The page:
Eli gasped when she slipped her hands inside the blankets, shuddering as her arms encircled his waist.
"It's like muscle memory. I've done it so many times I don't even need to think about it. I know what you like." Prim kissed the hollow of his neck, tickled the length of his collarbone with her tongue, nibbling gently at his flesh. "I've never loved anyone the way I loved you, Eli." She speared her fingers through his hair and climbed to straddle him. "I've missed you, Eli Wolfe."
Eli lowered his head, nestling his face between her breasts. "Okay, you win. I can't beat that."
Victory is mine! Prim smiled, feeling truly happy for the first time in as long as she could remember. "Oh, I think you can, and I'm going to give you a chance to show me just how much you missed me."
Part Four: December 24, 2015
"It's a Pinsonian wonderland out there today with most counties across eastern Maine blanketed in another foot and a half of the white stuff. The folks up at Bigrock have never been happier than they were this morning with twenty-eight inches of fresh powder. It's still coming down, but it appears the worst is over. Maine Power says service has been restored to fifty percent of the homes with reported outages, and the rest should have their electricity back on by evening. Meteorologists expect two to three inches accumulation throughout the day with sunny skies by mid-afternoon. The plows are working overtime, so be careful out there. Stay warm, stay safe, stay tuned. We'll be right back after this commercial break."
Eli turned off the radio and tugged on his boots. Prim slept peacefully, and he didn't want to wake her. He stooped to grab the label he'd peeled off the beer bottle the night before. It read "A Tiny Beautiful Something." Yes, she certainly is, he thought, stuffing the label to the bottom of his pants pocket.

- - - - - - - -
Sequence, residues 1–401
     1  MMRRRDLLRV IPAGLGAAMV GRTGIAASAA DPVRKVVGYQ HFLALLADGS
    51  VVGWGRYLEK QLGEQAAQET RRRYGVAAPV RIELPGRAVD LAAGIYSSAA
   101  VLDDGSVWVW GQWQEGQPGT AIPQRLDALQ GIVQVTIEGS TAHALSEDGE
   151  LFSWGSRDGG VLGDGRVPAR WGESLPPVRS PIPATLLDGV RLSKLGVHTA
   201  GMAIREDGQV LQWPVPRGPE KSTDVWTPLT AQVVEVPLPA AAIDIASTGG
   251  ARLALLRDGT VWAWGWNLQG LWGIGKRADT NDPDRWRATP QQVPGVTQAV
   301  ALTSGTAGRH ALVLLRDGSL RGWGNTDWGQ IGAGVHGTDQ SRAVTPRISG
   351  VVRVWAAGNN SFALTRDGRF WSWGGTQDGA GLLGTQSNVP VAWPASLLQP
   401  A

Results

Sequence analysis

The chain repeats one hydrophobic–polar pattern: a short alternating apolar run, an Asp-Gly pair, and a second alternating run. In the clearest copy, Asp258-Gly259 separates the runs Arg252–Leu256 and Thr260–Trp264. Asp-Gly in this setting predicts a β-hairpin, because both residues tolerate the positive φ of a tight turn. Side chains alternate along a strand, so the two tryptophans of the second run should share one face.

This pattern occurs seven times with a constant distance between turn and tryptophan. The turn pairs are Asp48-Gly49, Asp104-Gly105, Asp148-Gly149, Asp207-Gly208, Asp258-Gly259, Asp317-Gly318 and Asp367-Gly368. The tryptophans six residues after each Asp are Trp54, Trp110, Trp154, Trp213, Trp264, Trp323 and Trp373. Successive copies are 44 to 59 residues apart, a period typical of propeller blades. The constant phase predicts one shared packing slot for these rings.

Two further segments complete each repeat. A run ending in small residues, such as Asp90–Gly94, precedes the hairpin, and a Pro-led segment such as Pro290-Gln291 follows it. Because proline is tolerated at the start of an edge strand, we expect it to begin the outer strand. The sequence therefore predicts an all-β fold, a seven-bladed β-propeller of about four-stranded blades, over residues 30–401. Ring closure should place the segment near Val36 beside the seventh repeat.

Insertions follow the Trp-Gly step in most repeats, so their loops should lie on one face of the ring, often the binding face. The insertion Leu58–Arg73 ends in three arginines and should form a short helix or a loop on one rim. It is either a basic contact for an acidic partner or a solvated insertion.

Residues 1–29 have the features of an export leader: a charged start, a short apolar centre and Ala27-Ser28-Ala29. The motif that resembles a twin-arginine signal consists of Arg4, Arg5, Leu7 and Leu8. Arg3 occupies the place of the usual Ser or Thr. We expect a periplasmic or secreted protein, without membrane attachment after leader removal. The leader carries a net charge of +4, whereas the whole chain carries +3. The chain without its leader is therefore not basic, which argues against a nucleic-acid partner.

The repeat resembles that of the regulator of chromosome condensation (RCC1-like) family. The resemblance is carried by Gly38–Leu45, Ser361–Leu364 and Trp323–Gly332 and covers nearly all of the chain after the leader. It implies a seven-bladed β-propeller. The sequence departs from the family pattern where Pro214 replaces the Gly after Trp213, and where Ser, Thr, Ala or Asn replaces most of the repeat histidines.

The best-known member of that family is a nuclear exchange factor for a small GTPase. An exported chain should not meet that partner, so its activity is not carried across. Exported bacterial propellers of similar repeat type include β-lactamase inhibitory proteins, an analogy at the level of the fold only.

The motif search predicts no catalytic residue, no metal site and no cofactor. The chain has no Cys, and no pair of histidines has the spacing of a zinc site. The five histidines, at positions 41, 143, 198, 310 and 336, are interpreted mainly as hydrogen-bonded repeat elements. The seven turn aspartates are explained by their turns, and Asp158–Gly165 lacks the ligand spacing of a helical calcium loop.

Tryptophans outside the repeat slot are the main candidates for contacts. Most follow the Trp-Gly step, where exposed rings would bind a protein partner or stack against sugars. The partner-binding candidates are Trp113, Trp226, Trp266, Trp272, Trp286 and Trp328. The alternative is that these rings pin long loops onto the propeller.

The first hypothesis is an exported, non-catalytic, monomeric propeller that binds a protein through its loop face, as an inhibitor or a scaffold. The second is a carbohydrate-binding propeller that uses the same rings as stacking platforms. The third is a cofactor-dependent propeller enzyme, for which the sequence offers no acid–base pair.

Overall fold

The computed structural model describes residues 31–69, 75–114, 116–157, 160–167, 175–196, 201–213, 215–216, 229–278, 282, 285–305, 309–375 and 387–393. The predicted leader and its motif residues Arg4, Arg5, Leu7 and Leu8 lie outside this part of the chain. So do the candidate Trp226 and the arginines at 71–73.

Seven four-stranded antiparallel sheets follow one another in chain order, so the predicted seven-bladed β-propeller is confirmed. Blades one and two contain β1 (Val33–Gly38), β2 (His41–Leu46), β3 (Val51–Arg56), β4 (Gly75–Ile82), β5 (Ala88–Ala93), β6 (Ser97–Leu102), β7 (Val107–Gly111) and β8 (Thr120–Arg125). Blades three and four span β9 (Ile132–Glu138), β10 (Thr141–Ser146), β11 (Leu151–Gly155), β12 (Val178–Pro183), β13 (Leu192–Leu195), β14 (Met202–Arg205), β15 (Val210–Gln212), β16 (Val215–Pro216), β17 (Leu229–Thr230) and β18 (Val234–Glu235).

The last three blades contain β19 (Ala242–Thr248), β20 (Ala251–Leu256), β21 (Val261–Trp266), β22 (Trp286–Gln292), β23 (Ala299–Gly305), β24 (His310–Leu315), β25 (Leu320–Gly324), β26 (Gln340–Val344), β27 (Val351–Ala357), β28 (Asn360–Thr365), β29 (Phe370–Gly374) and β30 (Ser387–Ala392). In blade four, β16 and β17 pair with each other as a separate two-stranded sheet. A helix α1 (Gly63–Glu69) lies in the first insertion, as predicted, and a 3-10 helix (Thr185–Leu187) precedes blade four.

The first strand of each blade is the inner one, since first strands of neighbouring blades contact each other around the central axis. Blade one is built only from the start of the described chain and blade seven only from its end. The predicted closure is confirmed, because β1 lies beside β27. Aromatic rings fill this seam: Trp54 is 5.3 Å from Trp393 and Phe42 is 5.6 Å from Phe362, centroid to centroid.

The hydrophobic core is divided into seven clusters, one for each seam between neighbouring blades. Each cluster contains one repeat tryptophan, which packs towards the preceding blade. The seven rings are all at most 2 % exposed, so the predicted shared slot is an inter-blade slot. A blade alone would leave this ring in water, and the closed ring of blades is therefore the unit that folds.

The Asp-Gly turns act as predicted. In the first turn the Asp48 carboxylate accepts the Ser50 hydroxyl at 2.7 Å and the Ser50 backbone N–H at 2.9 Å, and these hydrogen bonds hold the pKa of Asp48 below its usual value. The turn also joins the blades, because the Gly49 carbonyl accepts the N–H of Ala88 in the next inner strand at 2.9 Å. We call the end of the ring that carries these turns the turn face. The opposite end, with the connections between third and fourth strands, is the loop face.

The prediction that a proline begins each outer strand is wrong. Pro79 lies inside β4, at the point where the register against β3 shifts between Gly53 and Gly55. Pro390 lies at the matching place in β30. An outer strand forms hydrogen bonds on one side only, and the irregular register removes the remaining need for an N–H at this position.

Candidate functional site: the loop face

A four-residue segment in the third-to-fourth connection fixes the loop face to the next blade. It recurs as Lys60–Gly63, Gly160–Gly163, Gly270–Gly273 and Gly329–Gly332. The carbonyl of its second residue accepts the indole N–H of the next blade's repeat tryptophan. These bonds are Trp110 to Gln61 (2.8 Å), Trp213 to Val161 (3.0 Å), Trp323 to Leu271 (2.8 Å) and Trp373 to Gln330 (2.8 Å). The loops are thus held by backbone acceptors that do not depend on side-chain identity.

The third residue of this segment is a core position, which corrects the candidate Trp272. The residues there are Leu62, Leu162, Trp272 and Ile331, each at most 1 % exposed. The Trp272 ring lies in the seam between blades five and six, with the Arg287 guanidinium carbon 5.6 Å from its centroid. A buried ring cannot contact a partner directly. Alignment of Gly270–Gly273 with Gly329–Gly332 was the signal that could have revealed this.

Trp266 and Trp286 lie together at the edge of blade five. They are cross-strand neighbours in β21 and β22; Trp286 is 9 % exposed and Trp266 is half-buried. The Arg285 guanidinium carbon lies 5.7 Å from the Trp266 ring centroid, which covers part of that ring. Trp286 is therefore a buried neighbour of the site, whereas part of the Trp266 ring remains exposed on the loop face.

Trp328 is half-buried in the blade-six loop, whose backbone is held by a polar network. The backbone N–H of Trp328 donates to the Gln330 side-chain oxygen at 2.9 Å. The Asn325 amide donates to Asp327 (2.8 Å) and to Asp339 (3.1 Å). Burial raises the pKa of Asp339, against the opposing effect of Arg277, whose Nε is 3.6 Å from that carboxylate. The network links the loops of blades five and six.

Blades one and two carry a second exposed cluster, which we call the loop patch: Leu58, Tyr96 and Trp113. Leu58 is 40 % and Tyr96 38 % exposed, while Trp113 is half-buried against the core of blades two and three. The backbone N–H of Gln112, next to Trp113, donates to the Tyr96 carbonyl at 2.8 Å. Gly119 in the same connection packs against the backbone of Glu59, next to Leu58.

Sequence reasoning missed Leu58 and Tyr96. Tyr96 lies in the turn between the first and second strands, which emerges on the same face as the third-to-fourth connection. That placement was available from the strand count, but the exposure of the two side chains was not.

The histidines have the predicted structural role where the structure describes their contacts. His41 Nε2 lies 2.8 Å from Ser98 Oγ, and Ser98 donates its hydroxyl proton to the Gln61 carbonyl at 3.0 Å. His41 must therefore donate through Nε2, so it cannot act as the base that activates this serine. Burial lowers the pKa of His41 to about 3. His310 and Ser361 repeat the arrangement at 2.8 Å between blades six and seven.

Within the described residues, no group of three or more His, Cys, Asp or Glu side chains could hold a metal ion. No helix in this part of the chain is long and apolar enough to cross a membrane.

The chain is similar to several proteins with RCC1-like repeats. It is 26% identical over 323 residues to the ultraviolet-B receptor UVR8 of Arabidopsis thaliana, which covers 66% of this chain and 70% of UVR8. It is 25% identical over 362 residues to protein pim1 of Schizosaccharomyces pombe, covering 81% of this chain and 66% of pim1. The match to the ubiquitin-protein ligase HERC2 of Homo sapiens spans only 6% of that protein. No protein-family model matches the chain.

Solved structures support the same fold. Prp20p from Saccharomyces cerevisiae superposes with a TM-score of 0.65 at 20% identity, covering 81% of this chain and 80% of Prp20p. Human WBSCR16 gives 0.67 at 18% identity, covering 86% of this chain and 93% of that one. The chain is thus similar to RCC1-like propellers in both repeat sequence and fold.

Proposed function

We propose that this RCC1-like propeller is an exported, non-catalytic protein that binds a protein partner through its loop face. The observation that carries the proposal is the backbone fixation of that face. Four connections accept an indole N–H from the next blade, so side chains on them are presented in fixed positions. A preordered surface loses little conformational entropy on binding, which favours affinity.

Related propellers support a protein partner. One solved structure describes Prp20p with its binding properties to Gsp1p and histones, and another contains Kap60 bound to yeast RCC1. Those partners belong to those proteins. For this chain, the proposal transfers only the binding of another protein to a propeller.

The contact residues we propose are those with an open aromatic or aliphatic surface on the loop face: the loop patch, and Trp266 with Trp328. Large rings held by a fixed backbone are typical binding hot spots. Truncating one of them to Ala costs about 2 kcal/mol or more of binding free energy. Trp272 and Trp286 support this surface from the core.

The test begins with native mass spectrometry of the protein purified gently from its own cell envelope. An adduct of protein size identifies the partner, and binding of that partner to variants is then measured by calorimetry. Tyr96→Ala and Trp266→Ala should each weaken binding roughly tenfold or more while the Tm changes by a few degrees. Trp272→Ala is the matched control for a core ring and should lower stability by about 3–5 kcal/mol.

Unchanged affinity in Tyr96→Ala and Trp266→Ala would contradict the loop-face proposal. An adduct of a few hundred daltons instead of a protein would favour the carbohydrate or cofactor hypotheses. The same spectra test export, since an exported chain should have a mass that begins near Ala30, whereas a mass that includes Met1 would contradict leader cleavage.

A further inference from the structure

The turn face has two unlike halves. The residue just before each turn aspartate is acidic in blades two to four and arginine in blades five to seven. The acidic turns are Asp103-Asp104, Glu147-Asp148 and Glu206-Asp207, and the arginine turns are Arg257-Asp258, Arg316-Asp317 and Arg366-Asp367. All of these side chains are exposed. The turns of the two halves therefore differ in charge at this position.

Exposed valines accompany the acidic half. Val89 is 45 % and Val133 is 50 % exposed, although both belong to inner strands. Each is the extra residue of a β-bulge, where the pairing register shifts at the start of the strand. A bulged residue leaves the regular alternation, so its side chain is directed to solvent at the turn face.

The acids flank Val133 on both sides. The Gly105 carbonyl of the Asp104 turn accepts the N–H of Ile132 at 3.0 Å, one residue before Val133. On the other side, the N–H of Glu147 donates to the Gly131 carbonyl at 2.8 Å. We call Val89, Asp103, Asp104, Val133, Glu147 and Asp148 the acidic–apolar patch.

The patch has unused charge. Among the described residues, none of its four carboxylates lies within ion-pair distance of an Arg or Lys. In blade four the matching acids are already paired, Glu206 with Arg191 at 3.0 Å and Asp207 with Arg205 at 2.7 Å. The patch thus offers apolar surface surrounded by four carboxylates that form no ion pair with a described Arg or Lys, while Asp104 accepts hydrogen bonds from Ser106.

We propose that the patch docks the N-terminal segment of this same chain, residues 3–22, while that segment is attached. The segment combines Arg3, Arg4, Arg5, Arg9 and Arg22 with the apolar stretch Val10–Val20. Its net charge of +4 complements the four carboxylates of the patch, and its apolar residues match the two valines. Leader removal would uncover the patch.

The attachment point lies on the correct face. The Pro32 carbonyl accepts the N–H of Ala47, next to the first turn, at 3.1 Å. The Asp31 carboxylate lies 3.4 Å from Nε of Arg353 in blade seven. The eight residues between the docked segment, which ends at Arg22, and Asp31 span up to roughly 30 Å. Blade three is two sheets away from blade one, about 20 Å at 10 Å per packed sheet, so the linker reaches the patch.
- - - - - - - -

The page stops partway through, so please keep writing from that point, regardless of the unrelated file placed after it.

By the time he finished shoveling Prim's driveway the power was back on, so he peeled and grated a few potatoes, grabbed a pound of bacon from the deep freeze on the back porch, and set aside some eggs for scrambling.
Prim sat and stretched. "Coffee. I need coffee."
"You still take it black?" Eli asked, pouring her a cup.
"Black as the Devil's heart."
Eli smiled, handing her the mug. "Storm's over. I wouldn't recommend driving anywhere just yet, but the plows are out and your driveway's shoveled. You can at least check your mailbox without eating shit."
Prim choked, covering her mouth to keep from spewing coffee everywhere. "Spoken like a true poet," she said, standing to embrace him. "Thank you for shoveling my driveway." She slipped her hands under his shirt and up his back, pulling him closer. "Oh, you're so warm. Something smells delicious. What're you cooking?"
"Bacon and eggs."
Prim smiled. "That's what we are, Eli. Bacon and eggs."
"Biscuits and gravy."
"Fries and ketchup."
"Cool Ranch Doritos and sour cream."
Prim stepped back, beaming. "What's this? Don't tell me you've converted?"
Eli traced a thumb across her bottom lip. "I have to admit they're a damn good combo."
Prim sucked his thumb into her mouth and smiled. "What shall we do today, Mister Wolfe?"
"Boy, I don't know, Miss Perlman. The roads are impassable and it's Christmas Eve. What do you suggest?"
Prim stepped back, unfastening the top button of her pajama top. "I think you should open your Christmas present."
"Did you get me something good?" Eli asked, stepping closer.
Prim lowered her arms to her sides. "What don't you take off the wrapping and find out?"
3,286 words (according to Microsoft Word). Prompt not included in word count.